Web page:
Prof. So Hirata
So Hirata received B.S. (1994) and M.S. (1996) from University of Tokyo and Ph.D. (1998) from Graduate University for Advanced Studies. Following postdoctoral studies at University of California, Berkeley and University of Florida, he became a Senior Research Scientist (2001-2004) at Pacific Northwest National Laboratory. He had been on the faculty of Quantum Theory Project in University of Florida in 2004-2010 (using the office once occupied by Per-Olov Löwdin) before he became an Alumni Research Scholar Professor of Chemistry (2010) at University of Illinois at UrbanaChampaign, where he is currently a Blue Waters Professor. He has published more than 120 peer-reviewed journal articles and delivered more than 110 invited lectures. Hirata is a recipient of the Medal of the International Academy of Quantum Molecular Science, National Science Foundation CAREER Award, and Camille Dreyfus Teacher-Scholar Award. He is also a Fellow of the American Association for the Advancement of Science and a co-author of computational chemistry software Q-CHEM and NWCHEM.
Two extremes of computational quantum chemistry
Two extreme applications of the state-of-the-art computational quantum chemistry will be presented. One aims at achieving extreme accuracy, that is, essentially exact numerical solutions of the Schroedinger equations for small polyatomic molecules, using powerful many-body methods and computer algebra that can automate the derivation and implementation of these complex methods. The other applies such highaccuracy computational methods to extreme system sizes, that is, infinite three-dimensional periodic and nonperiodic solids. They include nature’s most important solids such as ice and dry ice at finite temperatures and pressures. We computationally characterize their structures, equation of state, spectra, thermodynamics, and phase diagrams from first principles to help advance high-pressure chemistry, geochemistry, and planetary science.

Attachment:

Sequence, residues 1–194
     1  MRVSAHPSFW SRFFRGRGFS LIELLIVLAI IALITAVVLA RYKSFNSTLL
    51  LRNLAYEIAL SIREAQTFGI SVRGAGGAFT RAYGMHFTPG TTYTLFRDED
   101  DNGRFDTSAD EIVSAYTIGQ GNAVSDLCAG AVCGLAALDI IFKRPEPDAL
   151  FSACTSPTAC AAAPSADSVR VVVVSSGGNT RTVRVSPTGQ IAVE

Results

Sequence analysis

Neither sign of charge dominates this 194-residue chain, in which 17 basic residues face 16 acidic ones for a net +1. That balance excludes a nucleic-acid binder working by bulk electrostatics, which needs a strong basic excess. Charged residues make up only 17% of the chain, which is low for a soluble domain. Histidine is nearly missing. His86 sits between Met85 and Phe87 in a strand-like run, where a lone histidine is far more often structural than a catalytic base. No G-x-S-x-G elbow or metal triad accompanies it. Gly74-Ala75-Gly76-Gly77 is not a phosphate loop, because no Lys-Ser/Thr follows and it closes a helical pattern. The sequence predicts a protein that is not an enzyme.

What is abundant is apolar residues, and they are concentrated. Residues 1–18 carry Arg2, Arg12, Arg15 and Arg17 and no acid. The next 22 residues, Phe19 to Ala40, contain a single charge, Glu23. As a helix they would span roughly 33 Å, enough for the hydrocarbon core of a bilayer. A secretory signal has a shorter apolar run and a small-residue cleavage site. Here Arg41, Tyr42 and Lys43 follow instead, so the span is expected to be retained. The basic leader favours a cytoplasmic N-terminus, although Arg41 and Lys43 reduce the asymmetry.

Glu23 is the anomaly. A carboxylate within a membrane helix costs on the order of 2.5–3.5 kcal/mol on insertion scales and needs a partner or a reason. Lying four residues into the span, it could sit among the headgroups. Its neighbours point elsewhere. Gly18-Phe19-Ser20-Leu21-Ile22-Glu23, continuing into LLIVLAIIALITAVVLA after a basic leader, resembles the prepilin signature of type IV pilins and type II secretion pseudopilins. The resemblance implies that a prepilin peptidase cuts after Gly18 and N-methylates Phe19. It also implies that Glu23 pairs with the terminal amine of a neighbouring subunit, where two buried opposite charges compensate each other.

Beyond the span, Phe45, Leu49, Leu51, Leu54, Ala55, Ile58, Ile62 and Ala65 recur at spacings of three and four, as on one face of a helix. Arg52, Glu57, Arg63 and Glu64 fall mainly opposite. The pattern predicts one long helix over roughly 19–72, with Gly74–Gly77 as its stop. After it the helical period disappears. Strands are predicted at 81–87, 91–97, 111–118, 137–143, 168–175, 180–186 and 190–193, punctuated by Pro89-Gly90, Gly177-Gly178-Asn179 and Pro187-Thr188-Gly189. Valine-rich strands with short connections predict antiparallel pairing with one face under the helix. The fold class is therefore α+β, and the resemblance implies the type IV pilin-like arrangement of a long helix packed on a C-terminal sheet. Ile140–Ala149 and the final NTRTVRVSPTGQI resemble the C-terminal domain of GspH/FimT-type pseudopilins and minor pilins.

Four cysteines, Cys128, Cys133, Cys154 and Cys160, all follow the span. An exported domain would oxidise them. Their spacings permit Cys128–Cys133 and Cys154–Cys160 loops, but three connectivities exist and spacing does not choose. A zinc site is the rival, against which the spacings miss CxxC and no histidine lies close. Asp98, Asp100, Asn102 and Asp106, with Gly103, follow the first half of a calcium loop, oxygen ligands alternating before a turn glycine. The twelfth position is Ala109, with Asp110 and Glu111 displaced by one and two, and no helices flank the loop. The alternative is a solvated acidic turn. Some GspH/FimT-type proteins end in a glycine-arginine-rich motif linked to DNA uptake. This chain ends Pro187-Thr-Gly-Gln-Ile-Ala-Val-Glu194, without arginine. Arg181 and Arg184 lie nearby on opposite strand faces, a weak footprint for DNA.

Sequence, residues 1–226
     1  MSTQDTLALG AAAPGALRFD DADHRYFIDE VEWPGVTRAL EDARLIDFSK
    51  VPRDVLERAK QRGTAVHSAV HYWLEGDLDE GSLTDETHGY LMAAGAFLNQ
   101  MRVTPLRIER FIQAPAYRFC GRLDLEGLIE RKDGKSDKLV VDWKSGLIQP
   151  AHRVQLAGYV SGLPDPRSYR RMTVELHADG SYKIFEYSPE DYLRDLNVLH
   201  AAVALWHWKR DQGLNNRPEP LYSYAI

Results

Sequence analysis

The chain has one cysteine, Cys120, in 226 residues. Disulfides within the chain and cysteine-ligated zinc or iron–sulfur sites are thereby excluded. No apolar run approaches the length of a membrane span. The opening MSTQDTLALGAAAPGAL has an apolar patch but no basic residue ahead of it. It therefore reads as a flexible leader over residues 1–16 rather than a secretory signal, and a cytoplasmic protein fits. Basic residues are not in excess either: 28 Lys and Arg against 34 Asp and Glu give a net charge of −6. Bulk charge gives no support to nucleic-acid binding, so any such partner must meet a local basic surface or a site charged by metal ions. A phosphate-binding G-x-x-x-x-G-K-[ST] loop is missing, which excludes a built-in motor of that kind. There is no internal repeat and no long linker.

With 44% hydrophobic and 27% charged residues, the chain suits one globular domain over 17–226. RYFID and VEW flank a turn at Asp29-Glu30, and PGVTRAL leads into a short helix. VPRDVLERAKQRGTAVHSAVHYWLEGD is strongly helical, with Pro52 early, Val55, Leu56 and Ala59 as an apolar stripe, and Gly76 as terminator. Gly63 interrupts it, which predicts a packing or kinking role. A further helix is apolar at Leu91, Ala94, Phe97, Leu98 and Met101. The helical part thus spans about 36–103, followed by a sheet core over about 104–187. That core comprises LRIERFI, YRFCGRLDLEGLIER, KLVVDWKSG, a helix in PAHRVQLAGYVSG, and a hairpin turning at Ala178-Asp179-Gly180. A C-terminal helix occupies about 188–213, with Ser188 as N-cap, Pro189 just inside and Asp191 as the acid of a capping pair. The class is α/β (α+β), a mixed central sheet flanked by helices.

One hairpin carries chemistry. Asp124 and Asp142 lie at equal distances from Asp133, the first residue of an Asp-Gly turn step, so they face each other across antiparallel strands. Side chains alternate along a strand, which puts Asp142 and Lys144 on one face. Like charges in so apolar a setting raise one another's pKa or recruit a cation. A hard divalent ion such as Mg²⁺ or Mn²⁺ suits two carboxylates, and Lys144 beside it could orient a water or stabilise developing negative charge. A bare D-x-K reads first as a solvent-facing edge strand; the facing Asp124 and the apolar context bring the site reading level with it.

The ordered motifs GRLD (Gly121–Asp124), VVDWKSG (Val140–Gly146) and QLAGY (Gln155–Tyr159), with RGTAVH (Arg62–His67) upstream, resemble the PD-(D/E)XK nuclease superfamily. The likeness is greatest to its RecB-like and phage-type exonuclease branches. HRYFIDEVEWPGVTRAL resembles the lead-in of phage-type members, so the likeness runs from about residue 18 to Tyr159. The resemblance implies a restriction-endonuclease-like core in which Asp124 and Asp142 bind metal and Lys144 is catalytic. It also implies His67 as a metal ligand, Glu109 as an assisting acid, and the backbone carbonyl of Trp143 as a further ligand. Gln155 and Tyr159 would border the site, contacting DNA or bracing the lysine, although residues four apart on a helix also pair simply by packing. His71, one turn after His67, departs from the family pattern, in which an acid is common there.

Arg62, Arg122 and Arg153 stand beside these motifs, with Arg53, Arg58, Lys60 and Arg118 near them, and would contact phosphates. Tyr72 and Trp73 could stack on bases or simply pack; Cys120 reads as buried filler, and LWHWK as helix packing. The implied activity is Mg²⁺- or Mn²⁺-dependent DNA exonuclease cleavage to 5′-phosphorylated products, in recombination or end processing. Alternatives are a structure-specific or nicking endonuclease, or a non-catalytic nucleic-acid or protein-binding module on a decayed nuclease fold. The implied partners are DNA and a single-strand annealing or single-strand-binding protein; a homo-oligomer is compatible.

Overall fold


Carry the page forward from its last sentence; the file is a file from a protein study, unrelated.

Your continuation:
Prof. Leticia González
Leticia González is currently Professor at the University of Vienna. Her research focuses on using highly accurate electronic structure methods, developing molecular reaction dynamical methods and interfacing both fields to achieve basic understanding of chemical processes, especially in the presence of light. Born in 1971 in Madrid, she graduated in Chemistry at the Universidad Autónoma de Madrid, Spain, and obtained her PhD with honors in Chemistry in 1998. In 1999 she moved to the Free University Berlin in Germany as a postdoctoral researcher and obtained her Habilitation in 2004. She was appointed Professor at the Friedrich-SchillerUniversity of Jena in 2007 and full Professor at the University of Vienna, Austria, in 2011. Among her recognitions, she was Heisenberg Fellow in 2007 and received the Dirac Medal from the World Association of Theoretical and Computational Chemists in 2011. She has co-authored over 150 publications and has delivered more than 120 invited lectures.
Watching molecules dancing
“Everything that is living can be understood in terms of the jiggling and wiggling of atoms” said Richard Feynman in his seminal 1963 Lectures on Physics. But how fast atoms jiggle and wiggle? With the advent of femtosecond (1 fs = 10-15 s) spectroscopy it has just been just less than two decades that researchers can directly observe how atoms move initiating chemical reactions in few hundreds of fs and even control them. On the theoretical side, different methods for reaction dynamics have also been developed to follow and/or control the primary steps of a chemical reaction on a computer from fs to ns. This lecture will show the recent progress in simulating chemical reactions in real time from small to large molecular systems.